It was easy to see the choreography, music and lyrics were pre-set and practiced over and over again, but it was the impromptu moves and sounds made by the performers that really gave this show an added boost. By incorporating yelps (which also came from the audience) in addition to special dance steps, the tempo was always high throughout the entire show which really kept the viewers wanting more and more.
The agility and poise that these young men and women possessed is unlike anything else I have ever seen. I have been to Africa before and witnessed many people carrying baskets, among other things, atop of their heads while moving from one place to another. However, I had never seen anyone dance so intricately and move so quickly while balancing vases made of clay on their tiny heads. During this number, the dancers swept across the stage from one side to the other, twirling around one another without losing balance or dropping a vase. Dances like these performed during the show were very interactive in which they danced with each other, switching partners while completing very precise movements. The girls even went as far as to dance on the tips of their toes while balancing the vases. Although these moves required a great amount of concentration, smiles never left the faces of these young men and women who looked that they truly enjoyed every second of their entertaining.
From beginning to end, it seemed as though the energy these dancers possessed could not be matched by even a top professional athlete. The performance lasted almost two hours, with not one dancer ever missing a beat. Their constant movement showcased their talent and fitness level as they barely even broke a sweat by the end of the show. The energy given off by these performers transmitted into the audience; I felt so alive I was practically dancing in my seat. Each beat of the percussion could be felt in my heart and through my bones.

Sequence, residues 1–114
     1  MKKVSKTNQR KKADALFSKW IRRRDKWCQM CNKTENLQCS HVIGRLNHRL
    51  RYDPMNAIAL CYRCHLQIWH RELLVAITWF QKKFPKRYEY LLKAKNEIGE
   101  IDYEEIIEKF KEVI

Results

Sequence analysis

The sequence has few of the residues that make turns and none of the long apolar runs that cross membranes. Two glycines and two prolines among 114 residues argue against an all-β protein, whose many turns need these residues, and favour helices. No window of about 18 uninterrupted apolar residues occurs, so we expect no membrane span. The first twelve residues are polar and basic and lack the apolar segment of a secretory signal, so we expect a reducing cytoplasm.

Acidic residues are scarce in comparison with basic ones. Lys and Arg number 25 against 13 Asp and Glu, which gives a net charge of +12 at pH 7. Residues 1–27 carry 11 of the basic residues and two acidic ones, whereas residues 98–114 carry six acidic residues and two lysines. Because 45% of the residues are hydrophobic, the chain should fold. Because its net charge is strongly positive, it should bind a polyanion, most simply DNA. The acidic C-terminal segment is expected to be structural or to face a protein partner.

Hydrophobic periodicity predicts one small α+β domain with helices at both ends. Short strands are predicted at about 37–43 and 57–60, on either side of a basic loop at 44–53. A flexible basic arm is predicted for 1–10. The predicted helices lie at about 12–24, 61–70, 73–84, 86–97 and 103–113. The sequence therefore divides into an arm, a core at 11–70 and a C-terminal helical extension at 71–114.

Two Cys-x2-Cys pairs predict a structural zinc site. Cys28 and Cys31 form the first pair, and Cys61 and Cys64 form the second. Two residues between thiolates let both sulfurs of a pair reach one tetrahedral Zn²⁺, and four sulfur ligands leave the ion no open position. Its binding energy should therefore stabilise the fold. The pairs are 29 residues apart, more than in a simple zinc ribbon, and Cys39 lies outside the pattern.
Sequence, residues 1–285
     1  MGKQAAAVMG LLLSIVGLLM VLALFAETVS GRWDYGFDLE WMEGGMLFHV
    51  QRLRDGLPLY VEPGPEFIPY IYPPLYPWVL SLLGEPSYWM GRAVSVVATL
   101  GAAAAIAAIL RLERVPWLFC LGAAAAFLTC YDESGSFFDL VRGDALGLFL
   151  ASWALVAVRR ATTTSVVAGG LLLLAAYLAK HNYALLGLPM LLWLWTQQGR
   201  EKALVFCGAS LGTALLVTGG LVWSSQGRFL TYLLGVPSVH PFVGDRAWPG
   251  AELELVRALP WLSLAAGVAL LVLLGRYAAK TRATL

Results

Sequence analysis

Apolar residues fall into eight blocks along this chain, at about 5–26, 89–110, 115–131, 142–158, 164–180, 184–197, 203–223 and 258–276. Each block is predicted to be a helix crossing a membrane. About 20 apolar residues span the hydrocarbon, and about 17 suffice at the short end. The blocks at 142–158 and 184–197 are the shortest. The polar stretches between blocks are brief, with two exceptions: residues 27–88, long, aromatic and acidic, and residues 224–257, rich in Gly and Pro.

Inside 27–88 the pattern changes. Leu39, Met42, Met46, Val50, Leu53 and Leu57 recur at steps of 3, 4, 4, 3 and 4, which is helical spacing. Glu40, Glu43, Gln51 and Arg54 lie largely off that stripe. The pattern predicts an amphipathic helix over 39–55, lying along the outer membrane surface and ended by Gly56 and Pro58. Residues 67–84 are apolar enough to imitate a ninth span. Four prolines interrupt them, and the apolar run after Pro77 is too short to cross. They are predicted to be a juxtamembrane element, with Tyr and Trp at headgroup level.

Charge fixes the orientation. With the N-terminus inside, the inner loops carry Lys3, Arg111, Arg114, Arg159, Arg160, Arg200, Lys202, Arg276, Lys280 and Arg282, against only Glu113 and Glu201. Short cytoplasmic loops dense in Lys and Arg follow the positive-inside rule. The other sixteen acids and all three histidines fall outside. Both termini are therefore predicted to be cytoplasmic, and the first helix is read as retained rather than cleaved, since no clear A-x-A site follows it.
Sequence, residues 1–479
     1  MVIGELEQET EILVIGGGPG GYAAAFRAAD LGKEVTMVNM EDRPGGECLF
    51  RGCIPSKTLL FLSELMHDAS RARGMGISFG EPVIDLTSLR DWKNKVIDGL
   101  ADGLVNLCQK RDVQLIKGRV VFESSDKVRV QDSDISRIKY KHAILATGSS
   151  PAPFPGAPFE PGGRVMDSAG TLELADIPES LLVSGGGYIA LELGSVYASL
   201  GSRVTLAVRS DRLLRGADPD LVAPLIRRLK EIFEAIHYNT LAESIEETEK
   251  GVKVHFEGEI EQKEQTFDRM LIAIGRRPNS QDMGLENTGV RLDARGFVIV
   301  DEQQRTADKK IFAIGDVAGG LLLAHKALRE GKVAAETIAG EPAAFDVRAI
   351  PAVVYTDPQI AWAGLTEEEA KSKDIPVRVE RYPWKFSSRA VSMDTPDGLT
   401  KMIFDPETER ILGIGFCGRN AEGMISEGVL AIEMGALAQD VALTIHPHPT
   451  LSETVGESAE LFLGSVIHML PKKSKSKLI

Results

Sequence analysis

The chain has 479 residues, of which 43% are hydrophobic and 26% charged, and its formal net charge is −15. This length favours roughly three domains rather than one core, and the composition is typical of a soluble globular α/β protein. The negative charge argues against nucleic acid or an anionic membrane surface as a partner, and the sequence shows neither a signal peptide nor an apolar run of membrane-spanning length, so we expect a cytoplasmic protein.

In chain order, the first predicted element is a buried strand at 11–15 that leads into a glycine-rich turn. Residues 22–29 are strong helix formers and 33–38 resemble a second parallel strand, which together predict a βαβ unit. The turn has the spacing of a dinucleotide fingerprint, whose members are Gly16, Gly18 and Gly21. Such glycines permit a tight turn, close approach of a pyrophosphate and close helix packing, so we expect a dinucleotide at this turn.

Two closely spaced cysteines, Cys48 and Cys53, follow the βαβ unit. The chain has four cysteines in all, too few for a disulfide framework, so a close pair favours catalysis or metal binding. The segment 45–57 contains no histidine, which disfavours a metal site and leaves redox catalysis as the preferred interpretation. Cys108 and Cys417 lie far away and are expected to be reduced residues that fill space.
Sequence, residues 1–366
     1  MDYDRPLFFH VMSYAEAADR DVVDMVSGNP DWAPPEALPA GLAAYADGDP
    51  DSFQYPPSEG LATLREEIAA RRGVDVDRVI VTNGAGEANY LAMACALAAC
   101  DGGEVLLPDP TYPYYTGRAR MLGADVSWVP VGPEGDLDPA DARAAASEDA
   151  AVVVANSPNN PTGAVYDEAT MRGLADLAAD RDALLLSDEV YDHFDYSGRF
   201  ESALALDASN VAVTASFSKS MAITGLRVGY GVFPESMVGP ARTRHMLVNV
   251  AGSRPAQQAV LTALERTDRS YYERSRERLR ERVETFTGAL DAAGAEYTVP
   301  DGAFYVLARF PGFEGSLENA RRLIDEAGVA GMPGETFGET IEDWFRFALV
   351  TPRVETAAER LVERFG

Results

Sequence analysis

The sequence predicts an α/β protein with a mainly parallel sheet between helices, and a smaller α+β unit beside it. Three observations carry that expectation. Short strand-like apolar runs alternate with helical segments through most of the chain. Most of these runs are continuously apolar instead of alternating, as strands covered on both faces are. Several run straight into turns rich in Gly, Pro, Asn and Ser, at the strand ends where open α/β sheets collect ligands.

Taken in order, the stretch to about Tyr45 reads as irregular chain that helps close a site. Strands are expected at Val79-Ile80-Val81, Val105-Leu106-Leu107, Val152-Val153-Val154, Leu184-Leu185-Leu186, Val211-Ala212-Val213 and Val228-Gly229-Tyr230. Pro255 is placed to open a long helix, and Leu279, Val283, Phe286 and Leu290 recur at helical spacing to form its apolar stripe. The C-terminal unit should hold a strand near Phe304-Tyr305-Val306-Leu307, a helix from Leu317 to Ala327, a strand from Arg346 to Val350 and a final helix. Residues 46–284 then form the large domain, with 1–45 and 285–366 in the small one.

The loud percussion used in conjunction with heavy stepping in solos, duets and group numbers really threw the audience for a new turn each and every time a new song started. The hours, days, and possibly years of training and practice these performers have put in really shines through their work. The footwork was so fast and intricate that even if one movement was off by one person, an entire number could be thrown off. These dancers executed each movement perfectly through every step, even their arm and head movements were in-sync. Even down to the smallest child, each move was done with such care and passion as they all showed a great amount of pride for their country and their culture.
The message these native Ugandans portrayed throughout the entire performance was evident and came out through each second of the 105-minute show. The “spirit of Uganda” truly shined in the Joyce Theatre that night, as these 22 members who have lost so much are still able to look toward a brighter day as they bring smiles and cheer from people all across America as their share their talents and their continued success.
The soulful singing, vibrant dance moves and powerful music all came together to create a spectacular performance unprecedented by anything else I have ever seen. Although the show has already left New York, I know hundreds of more concert-goers throughout the country will enjoy this unique contemporary work of art as much as I have.